I actually like it, pretty much flat there. So that's the EQ I would do on the drum. I just want a little bit of low end boost, and I'm gonna carve away some of the low frequencies. And let's open up the same EQ on the bass track, and we'll talk about these middle bands here. Go ahead and scroll down to find our bass track, which is over here. I'll solo that track, I'll take the solo off the drums track. And let me insert the EQ on the bass track. It'll be after the amp emulator.
So I'm going to EQ, EQ3 7-Band, so it's the same one. I'm gonna want to engage the high-pass filter, just to get rid of any super low rumbling. Now the bass is a low instrument, so I'm not gonna get too crazy here, maybe I'll keep this at 30 hertz. And it's just a good habit to get into, can clarify your whole mix if you have these high-pass filters in place. But now I wanna deal with the middle band, so I have these three middle bands. This is low mid, LMF, mid, and high mid. And these are parametric EQs.
So you can see, when I increase the gain, it's actually a parametric, kind of bell shape EQ. And you can decrease or increase the width of the bell by changing the Q value. So if I go to a narrow bell, it'll really peek out, and pick a certain very specific range of frequencies to increase. Or, if I go below the line, decrease. Or I can make the bell shape a little wider. And that's gonna be more natural sounding overall, the wider you get, but now you're dealing with increasing a larger range of frequencies.
So let me just listen to the sound of the bass here, and see if I can work with either the low mid or maybe the mid frequency, which is the one just a little bit above that. Of course, you can always move around the center point of the top of the bell shape, or the top of the parametric EQ, you can move that frequency point around. So I'm gonna work with that, and see if I can carve out a sound that I like with the bass. So let me turn it off for starters, and hear it flat. (bass guitar playing) And then engage it, so I can hear, I'm boosting those mid frequencies.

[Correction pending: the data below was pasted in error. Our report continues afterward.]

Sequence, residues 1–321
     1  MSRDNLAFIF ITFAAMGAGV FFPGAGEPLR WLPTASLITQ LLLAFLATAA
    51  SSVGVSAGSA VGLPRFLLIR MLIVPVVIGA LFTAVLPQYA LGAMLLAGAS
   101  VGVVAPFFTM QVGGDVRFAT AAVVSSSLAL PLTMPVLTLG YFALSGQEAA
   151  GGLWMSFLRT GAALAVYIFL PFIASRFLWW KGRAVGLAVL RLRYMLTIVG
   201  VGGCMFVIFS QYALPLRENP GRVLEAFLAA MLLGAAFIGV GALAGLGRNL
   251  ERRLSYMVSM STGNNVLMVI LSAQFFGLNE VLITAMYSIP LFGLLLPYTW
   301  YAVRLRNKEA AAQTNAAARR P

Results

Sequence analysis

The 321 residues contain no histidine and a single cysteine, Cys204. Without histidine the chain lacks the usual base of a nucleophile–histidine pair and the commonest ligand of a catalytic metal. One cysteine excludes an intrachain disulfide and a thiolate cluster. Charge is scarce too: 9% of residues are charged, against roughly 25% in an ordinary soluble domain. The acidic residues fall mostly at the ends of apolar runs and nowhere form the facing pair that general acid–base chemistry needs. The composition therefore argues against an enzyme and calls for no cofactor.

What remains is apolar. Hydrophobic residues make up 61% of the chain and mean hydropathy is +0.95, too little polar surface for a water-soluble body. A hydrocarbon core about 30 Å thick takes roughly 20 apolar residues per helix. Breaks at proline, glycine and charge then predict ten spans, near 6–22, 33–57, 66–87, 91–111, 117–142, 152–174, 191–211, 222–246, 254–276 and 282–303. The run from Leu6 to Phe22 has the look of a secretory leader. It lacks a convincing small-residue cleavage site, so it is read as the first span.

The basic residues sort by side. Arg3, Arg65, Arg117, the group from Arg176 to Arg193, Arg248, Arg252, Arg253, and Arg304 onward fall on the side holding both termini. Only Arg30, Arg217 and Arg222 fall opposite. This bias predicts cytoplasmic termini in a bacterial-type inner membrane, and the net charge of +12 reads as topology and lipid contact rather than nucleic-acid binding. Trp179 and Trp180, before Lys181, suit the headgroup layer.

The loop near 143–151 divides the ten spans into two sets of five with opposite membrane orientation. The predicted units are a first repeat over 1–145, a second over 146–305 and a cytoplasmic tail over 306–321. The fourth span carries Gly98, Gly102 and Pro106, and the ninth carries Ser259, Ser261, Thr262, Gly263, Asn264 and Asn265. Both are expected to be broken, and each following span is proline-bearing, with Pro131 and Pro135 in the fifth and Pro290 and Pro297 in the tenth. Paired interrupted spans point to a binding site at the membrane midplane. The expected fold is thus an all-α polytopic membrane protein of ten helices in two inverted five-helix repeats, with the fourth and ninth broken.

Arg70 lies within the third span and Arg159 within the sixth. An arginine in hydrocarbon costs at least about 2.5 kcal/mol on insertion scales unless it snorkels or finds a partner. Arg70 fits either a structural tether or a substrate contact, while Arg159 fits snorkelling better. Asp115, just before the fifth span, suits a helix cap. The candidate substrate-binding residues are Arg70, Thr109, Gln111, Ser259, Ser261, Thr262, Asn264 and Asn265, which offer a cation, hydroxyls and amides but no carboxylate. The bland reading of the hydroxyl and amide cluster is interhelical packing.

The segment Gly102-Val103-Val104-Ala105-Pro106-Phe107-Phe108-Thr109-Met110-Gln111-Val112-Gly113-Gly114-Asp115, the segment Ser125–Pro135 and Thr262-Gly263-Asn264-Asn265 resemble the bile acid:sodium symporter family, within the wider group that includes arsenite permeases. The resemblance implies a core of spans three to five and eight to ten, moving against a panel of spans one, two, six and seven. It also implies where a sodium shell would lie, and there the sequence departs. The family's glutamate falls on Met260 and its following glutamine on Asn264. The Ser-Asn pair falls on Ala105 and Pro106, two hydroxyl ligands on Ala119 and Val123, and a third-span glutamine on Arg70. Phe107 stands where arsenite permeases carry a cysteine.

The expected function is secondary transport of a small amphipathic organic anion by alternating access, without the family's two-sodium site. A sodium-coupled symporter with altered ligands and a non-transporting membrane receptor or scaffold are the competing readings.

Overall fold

Or I can remove them. But, yeah that's really changing the sound. A lot of the bass sound in this case, because we're distorting it, lies in that middle range. So, one area I actually don't like so much is somewhere around the 350 to 400 range. It's got a real boxy sound. And I wanna take this up to narrow the Q a little bit. And just notch a teeny bit of that out. Not too much, so we lose it all together, but just a little bit of that boxy sound.
Maybe -1.8 dB. Carve that out. And one thing I do like is some of the bite, right, all the bite ends up being right up here around 2k, if you hear. That's really the bite of the bass, and I think that's kind of nice, aggressive sound for this bass. So I'm gonna widen the Q a teeny bit, and I'll increase the bite of the bass just a little bit, 2.5 dB. (bass playing) So that's how we can use the middle range, the low mid, the mid, and the high mid.
Then you can alter their Q's, so the wideness, and carve out the middle of the frequencies. So we saw earlier how we used the shelves for the high and low, and then we have the filters to filter out any unwanted sound on the low end. Now, at this point, we wanna go through each track and see if there's anything we wanna remove or enhance with EQ. But, I wanna tell you that we've been soloing tracks and making these EQ choices, and that's not always the ideal way to EQ. Cus when you're mixing, it's all about making the tracks blend together.
So I actually would shy away from doing what I did here, which is to solo the track, and make the changes. You actually wanna listen to all the tracks together, and make sure that your EQ moves are blending and working with the other frequencies of the other tracks in the song. So let me just listen and see if these changes I make work, and then what I would do, is I would start to continue and start EQing all the other tracks in ways that help enhance the song, as an overall piece of music. (bass and accompanying instruments playing) Okay, I do like that bite that we've added with the bass, and I like how we've carved out a little bit of that boxy stuff to make room for other instruments, like the cowbell for example.
That's working for me, and then drums are gonna come in, and we can hear if that low end boost is helping. (drums start playing) Nice. I like the power now that we've added, of the kick drum with our EQ. So once we go through all of our tracks and we take care of the frequency based needs of our mix, it's time to think about the dynamic range, and the relative volume of all of our tracks, and if we can help harness that in. In the next movie, we'll explore some real time compression plug-ins to harvest the power of our tracks dynamically.
Find more tutorials on our Pro Tools page.
- Setting up Pro Tools 12
- Working with templates
- Creating a drumbeat
- Loop recording
- Editing and arranging audio and MIDI
- Adjusting tempo
- Adding EQ and compression to the mix
- Performing real-time automation
- Bussing audio
- Creating reverb and delay
- Finalizing and exporting your mix